There is an active conversation going on in the UK about computing education. From the Royal Society report (Shut down or restart?: The way forward for computing in UK schools) to Op-ed pieces in newspapers to blogs people are asking “why are we not teaching students more computer science?” I see some of that conversation in the US as well. Andy Young’s piece on Why programming should be required in schools was Slash Dotted this week. The response on Slashdot is mixed. We have Computer Science Education Week now and some in Congress are talking about the need to do more. But far too little of this conversation is taking place outside the computer science education ghetto/echo chamber.

    Computing in the Core seems like a good step and the organizations that are involved are the right ones.

    Computing in the Core is a non-partisan advocacy coalition of associations, corporations, scientific societies, and other non-profits seeking to elevate the national profile of computer science education in K-12 within the US and work toward ensuring that computer science is one of the core academic subjects in K-12 education.

    But other than Microsoft, Google and SAS there doesn’t seem to be much participation from industry. Frankly industry should have the most vested interest in participating. Where are the other hardware and software companies? Where are the tech bloggers for that matter? The answer I’ve gotten before is that “not my area of expertise” or “I’m focused on other things.” Joel Spolsky is one of the exceptions with his involvement with the proposed software engineering high school in New York City. He sees the need for more highly skilled and trained computer science people. Then of course he is not just a pundit spouting off but a practitioner who actually hires software develops for his company. It may be that smaller companies are feeling the shortage of qualified people the most. The Microsofts, Googles, Facebooks, HPs, Dells, and other really large companies get to pick from the cream of the software development crop after all. The big companies need the small ones though. That is one of the reasons Microsoft has programs like BizSpark to help startups and works to help increase the pool of computer scientists – so that our partners will also be able to find the people they need.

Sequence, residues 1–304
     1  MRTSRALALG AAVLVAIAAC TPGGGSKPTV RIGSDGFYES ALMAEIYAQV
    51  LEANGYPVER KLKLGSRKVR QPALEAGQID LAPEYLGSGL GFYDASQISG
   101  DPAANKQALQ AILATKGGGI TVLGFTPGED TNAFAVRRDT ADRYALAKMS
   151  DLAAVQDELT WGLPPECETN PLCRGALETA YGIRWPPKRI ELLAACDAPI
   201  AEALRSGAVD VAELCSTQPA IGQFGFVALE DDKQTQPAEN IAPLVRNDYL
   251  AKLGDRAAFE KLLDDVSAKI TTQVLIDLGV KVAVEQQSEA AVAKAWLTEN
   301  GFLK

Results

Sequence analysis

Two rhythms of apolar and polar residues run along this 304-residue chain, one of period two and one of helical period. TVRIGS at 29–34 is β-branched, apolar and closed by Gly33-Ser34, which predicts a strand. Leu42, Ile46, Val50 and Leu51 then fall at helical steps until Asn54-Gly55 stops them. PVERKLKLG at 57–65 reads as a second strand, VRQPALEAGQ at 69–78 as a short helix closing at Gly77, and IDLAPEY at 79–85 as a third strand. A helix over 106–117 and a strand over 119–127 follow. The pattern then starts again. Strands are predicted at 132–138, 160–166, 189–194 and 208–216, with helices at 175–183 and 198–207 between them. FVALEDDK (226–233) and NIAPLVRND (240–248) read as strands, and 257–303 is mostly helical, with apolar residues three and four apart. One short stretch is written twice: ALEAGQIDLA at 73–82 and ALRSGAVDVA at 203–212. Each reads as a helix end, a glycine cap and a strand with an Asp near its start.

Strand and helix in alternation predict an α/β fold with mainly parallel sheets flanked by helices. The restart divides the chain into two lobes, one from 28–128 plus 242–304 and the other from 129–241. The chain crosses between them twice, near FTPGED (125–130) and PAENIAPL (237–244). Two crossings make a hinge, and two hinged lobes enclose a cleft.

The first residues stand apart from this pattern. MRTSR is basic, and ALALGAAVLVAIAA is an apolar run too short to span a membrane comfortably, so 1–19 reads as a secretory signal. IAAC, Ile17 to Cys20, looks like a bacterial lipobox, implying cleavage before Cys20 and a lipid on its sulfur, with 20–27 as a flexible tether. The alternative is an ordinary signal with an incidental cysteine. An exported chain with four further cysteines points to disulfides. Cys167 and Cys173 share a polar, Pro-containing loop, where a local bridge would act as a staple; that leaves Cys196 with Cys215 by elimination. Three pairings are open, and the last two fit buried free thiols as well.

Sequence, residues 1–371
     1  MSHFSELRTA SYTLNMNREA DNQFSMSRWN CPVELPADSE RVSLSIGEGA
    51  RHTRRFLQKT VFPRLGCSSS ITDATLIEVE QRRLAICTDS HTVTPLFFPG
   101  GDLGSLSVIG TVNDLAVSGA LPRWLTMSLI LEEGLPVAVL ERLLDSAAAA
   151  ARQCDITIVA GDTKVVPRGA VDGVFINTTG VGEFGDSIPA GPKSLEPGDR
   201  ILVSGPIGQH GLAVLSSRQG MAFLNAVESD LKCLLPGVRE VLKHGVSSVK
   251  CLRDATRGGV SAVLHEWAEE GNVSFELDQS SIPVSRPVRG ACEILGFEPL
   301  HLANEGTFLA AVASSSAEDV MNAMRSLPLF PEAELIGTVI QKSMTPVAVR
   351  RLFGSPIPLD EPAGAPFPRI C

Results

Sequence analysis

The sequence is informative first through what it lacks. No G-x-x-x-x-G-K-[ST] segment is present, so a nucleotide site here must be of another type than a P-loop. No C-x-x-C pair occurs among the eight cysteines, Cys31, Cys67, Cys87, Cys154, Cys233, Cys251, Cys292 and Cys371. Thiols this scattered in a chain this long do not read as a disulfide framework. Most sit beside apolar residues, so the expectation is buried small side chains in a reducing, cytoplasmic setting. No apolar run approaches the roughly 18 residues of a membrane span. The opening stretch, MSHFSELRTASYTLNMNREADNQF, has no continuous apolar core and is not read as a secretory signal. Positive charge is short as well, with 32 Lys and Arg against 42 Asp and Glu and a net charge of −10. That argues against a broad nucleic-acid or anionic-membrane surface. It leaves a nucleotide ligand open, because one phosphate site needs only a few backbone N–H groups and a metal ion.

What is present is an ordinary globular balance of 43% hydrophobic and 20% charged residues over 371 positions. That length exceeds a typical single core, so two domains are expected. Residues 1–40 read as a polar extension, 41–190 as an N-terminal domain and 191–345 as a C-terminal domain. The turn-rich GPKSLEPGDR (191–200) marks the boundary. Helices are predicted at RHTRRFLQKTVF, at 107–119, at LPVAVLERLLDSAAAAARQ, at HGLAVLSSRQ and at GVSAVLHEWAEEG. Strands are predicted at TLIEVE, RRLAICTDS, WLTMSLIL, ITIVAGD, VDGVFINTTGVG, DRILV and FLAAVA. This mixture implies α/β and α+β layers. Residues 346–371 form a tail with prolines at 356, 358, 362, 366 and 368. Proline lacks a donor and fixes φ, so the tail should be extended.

Startups, who are also sucking up some of our best and brightest, are too small and too focused to get much involved. So it is the big companies we need to be involved for the betterment of the whole industry. The pundits in their blogs and social media outlets could be a powerful force in getting more companies involved. I just wish they would look around and get active. If they don’t they may all have to move to India or China to cover the software industry one of these days.

    Related Links:

  • Computer Science Teacher - Thoughts and Information from Alfred Thompson